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DSST Anthropology as a Discipline

Homonid characteristics include large complex brain

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Homonid characteristics include: large, complex brain with a dominant cerebrum, erect posture, tool-using capabilities, strong community organization . The first homonids belong to the Australopithecus genus. The Oldest known homonid: Lucy, was found in Ethiopia, whose remains are over 3 million years old. Lucy's brain was only 400 cc, compared to 1350 cc. for typical human. Only three species of humans have lived on earth, and only one of these species is alive today. Homo habilis--the earliest distinctly human species, appeared almost 2 million years ago in Africa. Brain sizes 775 cc, and a tool maker and user. The name means "handy man". This species lived about 500,000 years, then went extinct . Homo Erectus evolved around 1.5 million years ago, and lasted about a million years before becoming extinct . Brain size around 1000 cc, homo erectus was a social species that hunted and used fire to cook. Remains have been found in Africa, Europe and Asia. Homo sapiens (modern humans) evolved in Africa about 500,000 years ago. The first known fossils of the species Homo erectus were discovered on the Island of Java by Eugene Dubois in 1891. According to Dubois, Java Man occupied an intermediate position in evolution between apes and man. He gave the fossils the scientific name Pithecanthropus erectus (upright ape-man). The first remains of Peking Man , a member of the species Homo erectus, were discovered in 1921 in limestone caves near Peking China. By 1929 more than 40 specimens of Peking Man had been unearthed, but the fossils all disappeared during WWII after China was occupied by the Japanese. Homo erectus was noted for using tools and fire. Homo erectus used more diverse and sophisticated tools than its predecessors. One of the tools Homo erectus used was a teardrop shaped hand axe made of stone which was chipped on both sides to form two cutting edges . Archaeology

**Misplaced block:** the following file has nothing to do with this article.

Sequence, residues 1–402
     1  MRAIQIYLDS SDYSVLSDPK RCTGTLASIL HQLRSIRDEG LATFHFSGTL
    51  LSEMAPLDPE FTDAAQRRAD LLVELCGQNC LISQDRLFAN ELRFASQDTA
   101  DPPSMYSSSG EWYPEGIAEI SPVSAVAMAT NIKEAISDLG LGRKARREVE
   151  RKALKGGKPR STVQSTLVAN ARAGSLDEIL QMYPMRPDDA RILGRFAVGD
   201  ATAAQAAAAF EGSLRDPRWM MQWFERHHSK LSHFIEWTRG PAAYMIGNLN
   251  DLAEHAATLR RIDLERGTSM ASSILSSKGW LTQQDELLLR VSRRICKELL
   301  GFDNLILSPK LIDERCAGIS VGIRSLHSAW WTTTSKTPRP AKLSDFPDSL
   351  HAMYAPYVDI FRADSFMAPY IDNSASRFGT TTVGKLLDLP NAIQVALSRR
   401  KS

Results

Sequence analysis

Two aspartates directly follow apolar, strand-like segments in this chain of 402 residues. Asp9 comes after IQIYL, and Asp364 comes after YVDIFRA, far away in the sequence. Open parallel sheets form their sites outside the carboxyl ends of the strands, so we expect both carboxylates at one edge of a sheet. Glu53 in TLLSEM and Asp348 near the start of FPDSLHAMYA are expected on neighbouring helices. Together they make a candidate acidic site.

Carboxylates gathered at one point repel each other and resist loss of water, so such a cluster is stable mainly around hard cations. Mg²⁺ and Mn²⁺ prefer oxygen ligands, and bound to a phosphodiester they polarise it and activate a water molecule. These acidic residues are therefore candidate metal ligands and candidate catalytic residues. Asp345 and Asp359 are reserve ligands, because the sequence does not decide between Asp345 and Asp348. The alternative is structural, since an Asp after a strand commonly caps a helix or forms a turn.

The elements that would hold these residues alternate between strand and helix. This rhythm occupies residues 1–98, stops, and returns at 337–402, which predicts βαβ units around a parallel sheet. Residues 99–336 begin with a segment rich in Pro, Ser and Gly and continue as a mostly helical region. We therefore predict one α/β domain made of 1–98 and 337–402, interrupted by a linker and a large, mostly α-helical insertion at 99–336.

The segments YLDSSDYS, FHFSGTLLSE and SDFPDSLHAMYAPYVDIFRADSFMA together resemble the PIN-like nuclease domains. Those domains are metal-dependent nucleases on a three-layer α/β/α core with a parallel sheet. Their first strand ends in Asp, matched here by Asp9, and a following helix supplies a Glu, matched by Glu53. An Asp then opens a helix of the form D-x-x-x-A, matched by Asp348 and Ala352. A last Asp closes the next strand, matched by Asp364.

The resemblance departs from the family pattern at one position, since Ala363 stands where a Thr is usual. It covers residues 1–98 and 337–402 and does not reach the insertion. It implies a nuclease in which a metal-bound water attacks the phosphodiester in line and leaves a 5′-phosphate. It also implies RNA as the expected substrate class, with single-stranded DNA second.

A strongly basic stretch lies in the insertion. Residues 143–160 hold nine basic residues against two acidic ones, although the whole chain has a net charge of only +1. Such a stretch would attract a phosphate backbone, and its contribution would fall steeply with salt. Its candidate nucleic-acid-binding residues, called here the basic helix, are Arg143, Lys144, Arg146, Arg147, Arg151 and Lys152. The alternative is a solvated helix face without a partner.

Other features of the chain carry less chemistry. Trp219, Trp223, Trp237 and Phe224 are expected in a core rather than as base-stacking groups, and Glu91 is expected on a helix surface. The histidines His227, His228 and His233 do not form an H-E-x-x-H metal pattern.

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Archaeology is the scientific study of the material remains of past human life and activities. These include human artifacts from the very earliest stone tools to the man-made objects that are buried or thrown away in the present day: everything made by human beings—from simple tools to complex machines, from the earliest houses and temples and tombs to palaces, cathedrals, and pyramids. Archaeological investigations are a principal source of knowledge of prehistoric, ancient, and extinct culture . The word culture comes from the Greek archaia ("ancient things") and logos ("theory" or "science"). The main aim of the archaeologist is to place the material remains in historical contexts, to supplement what may be known from written sources, and, thus, to increase understanding of the past. Ultimately, then, the archaeologist is a historian: his aim is the interpretive description of the past of man. Radioactive carbon dating, which has revolutionized much of archaeological chronology, is a by-product of research in atomic physics.
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